Tuesday, October 6, 2009

Anticipating shifting energy patterns

© 2009 Joshua Stark

Dr. Kahn at UCLA has a quick post up about plug-in Prius hybrids coming in 2012. Of course, GM says its Volt will arrive late next year (call me a doubting Thomas, that thing has been just about to come out for four years now), and Nissan and possibly Ford have electric vehicles coming out next year or 2011. Tesla Motors has ripped them all up, as they've had an all-electric roadster (0-60 in 3.9 seconds) out for two years now, and offer a sedan next year that I would love to get for my next birthday.
This is all good news, but Dr. Kahn's question was one of capacity in the state. Can California provide enough power through our grid in such a way as to make this transition possible?

In my humble opinion, yes. There are two major transformations that can (and probably will) quickly take place to help this transition:

1) Water conservation! About one-fifth of California's energy consumption goes to water transport and purification in the state. Currently, there is a strong movement to get a 20% reduction in residential water use by 2020, and this will translate into energy savings. If the State were to grow a spine and include agriculture, we could experience dramatic energy savings;

2) Distributed generation! That's the fancy term for you producing electricity, either by wind or, more often, solar power. Barring any unforseen bad events, within three years I predict changes that will make it much more cost-effective (and even lucrative) for folks to install solar panels and windmills at home. If you could sell excess energy back into the grid for fair market value, while at the same time utilities are required to procure larger percentages of their electricity from renewable resources, I'd be willing to bet that break-even points for solar panels would drop from the current 8 years or so to 4 or 5 years, especially if tax rebates continue. At the same time, individuals would be insulating themselves from higher electricity rates by producing their own.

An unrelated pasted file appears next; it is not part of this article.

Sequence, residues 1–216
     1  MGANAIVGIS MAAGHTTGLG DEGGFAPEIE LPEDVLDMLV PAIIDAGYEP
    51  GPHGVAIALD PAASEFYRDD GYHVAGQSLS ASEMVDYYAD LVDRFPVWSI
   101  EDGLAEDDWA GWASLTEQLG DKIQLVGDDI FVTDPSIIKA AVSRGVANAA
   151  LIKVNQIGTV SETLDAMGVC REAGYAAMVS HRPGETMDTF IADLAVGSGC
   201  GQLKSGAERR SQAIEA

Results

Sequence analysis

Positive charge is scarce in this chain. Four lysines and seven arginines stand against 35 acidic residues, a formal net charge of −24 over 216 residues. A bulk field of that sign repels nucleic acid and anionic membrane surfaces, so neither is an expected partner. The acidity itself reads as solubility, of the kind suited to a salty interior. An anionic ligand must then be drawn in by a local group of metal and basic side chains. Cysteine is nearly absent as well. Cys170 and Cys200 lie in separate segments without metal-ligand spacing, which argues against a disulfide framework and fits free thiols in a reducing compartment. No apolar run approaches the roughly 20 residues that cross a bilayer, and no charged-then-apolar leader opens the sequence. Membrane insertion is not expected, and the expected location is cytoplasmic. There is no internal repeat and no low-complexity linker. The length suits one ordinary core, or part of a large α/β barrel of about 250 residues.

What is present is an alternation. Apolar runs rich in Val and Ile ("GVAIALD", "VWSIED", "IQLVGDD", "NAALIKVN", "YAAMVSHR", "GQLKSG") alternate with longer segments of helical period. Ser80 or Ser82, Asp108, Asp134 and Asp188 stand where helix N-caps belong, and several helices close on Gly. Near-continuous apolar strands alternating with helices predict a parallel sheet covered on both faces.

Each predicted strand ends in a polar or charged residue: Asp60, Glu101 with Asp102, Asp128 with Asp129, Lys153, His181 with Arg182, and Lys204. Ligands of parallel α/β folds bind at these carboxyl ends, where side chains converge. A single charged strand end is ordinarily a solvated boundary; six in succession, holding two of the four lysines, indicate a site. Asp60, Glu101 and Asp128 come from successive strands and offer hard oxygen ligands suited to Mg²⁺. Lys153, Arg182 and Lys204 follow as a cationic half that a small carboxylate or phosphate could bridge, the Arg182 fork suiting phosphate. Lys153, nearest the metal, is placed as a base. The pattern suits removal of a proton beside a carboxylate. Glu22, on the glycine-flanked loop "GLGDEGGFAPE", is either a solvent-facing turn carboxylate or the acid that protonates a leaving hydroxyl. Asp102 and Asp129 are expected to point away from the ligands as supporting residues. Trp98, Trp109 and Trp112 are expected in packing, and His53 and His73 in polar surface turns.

Of course, obstacles exist, the primary one being the centralized ability of big utilities (and ag.) to lobby hard to get what they want. One prime example is an attempt by PG & E to require 2/3rd's voter approval if a community tries to create its own, public utility. At the state level, this usually means that companies go along with 'green' ideas so long as they maintain their current, government supported lock on production/distribution. In this light, expect big pushes for those huge solar developments in the Southern California wilderness. My own two cents is to compromise, and let them develop huge solar projects in the Central Valley at the same time you require them to pay fair market value for electricity from individuals. If it is true that only about four or five percent of homes are cost-effective for good solar generation, then why are the utilities reticent to push for as much of it as we can make?

We all know that the transition will have costs and consequences. Every change does. However, like Professor Kahn, I believe our electricity generation can and will make a fairly smooth transition to providing more energy for transportation.

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